In New York, an assault occurs when a person injures someone else without legal justification. Assault can be charged as either a misdemeanor or a Class D felony or higher level Class B felony. There are two levels of felony assault – the lower level Class D felony of second-degree assault and the higher level Class B felony of first-degree assault. Both levels require that a victim suffer a “physical injury” of varying severity but with felony assault, the physical injury must be severe that creates a substantial risk of death, or actually causes death, long-term disfigurement, ill health, or loss or impairment of an organ.
These are the different types of felony assault which are:
- Assault with a Deadly Weapon – Assault with a deadly weapon is the act of menacing another person with a weapon that could cause death. This is usually a gun, but it doesn’t need to be. This form of assault does not include the action of using force, called battery, but it often leads to assault and battery charges.
- Sexual Assault – Sexual assault is any assault of a sexual nature on another person. What constitutes a sexual assault is determined by the laws of the jurisdiction where the assault takes place, which vary considerably, and are influenced by local social and cultural attitudes.
- Malicious Assault – Malicious assault is committed when any person maliciously shoots, stabs, cuts or wounds or by some other means causes bodily injury to another with the intent to kill or permanently maim, disfigure or disable the other person.
In New York, a prison sentence for felony assault is an “indeterminate” term, meaning that a judge imposes a sentence with a minimum and maximum term. A judge has the ability to set a range within both the minimum and maximum terms. The maximum amount of years a judge can sentence a defendant is 25 years. The minimum term must be at least one year and cannot exceed 1/3 of the maximum term. A defendant must serve the minimum term and is then eligible for parole. If the defendant is not paroled, he will wind up serving the maximum term. A fine for a felony conviction cannot exceed $5,000. The period of probation for a felony conviction is five years.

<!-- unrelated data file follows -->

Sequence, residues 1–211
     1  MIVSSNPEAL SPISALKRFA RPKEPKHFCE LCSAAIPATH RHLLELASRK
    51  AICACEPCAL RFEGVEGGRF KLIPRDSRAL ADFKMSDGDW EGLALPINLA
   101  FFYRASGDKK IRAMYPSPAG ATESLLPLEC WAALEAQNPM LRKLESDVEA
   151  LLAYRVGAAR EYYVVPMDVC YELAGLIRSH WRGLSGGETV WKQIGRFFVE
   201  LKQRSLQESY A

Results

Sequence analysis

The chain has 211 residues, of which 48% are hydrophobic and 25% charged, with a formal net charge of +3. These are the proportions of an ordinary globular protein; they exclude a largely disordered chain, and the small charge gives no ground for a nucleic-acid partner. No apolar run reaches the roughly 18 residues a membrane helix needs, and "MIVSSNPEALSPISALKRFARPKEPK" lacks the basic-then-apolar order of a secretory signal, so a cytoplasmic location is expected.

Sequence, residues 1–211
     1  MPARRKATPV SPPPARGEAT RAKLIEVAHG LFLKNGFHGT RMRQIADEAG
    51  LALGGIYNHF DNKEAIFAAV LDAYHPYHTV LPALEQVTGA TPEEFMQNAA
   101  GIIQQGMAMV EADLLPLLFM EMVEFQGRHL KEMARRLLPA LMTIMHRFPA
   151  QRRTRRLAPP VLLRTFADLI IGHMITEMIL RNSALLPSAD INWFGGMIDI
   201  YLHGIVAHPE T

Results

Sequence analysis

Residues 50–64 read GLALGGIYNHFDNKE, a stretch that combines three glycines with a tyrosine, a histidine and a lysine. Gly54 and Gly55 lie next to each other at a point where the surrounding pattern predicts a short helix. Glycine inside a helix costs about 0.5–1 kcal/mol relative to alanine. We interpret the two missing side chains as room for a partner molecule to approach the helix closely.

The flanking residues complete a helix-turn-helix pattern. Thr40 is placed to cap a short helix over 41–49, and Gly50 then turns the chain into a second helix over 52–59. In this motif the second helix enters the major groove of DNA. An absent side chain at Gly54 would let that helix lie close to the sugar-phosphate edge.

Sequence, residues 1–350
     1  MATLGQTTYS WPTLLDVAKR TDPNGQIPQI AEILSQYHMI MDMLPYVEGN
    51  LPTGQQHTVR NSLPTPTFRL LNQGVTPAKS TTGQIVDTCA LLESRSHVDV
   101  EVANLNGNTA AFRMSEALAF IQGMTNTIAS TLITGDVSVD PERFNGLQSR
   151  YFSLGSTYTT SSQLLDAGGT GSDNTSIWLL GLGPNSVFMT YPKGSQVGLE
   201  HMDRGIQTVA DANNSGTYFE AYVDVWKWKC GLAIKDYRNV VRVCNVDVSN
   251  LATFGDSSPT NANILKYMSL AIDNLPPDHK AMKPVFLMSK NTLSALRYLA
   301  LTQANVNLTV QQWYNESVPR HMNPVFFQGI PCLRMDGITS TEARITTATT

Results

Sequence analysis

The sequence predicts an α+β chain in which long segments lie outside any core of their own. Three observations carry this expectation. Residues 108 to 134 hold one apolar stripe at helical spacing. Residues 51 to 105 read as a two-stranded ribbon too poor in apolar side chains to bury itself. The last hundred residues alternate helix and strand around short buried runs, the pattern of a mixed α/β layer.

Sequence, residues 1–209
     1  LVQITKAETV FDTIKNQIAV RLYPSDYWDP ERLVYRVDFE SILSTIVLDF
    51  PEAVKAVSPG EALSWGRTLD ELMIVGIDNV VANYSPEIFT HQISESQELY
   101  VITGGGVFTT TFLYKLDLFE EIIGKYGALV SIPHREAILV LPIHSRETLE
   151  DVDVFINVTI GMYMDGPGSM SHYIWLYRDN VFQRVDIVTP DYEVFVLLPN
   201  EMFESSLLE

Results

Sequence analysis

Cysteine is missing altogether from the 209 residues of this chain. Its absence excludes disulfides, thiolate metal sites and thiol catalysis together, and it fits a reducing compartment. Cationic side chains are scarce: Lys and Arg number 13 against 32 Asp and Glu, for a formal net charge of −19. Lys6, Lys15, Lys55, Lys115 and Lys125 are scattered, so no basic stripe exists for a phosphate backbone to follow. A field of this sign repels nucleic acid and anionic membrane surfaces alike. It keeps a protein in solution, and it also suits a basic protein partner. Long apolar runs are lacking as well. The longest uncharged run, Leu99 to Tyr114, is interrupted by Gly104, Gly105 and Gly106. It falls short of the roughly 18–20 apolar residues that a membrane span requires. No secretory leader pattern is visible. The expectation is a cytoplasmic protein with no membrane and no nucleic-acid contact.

Defendants charged with felony assault or battery have the usual defenses available to all criminal defendants. A defendant can claim self-defense or defense of others and present evidence that the alleged victim initiated the confrontation and that the defendant was defending himself or another person from the alleged victim’s attack. That defense may take the form of showing that a weapon actually was in the victim’s possession or that the victim made the first threat or struck the first blow. Other possible defenses are that the defendant’s actions were purely accidental and that he had no criminal intent; or an insanity defense, in which the defense argues that the accused is mentally ill and did not have the capacity to control his behavior or to understand what he was doing or that his actions were unlawful. Most defenses usually do not work given that felony assault is a serious charge and most defendants look for leniency instead of a defense.
In the federal criminal system, an assault is an attempt to hit another person or an act that causes someone to reasonably expect impending harm. Certain assaults are federal offenses simply because of where they take place such as on United States property. Attacks that occur on the grounds of a national park, at a federal prison, or on board a United States ship, among other places, are federal assault crimes.
In 2008, Glen Rice, a former NBA player, was charged with felony battery after police say he assaulted a man that he found hiding in his estranged wife’s closet. According to police, it was alleged that Rice went to the home of his estranged wife Christina and beat Alberto Perez after finding him in the closet. After the beating, Perez had a cut on his forehead that required nine stitches. Rice surrendered to police without incident and posted bond. Charges were later dropped in this case.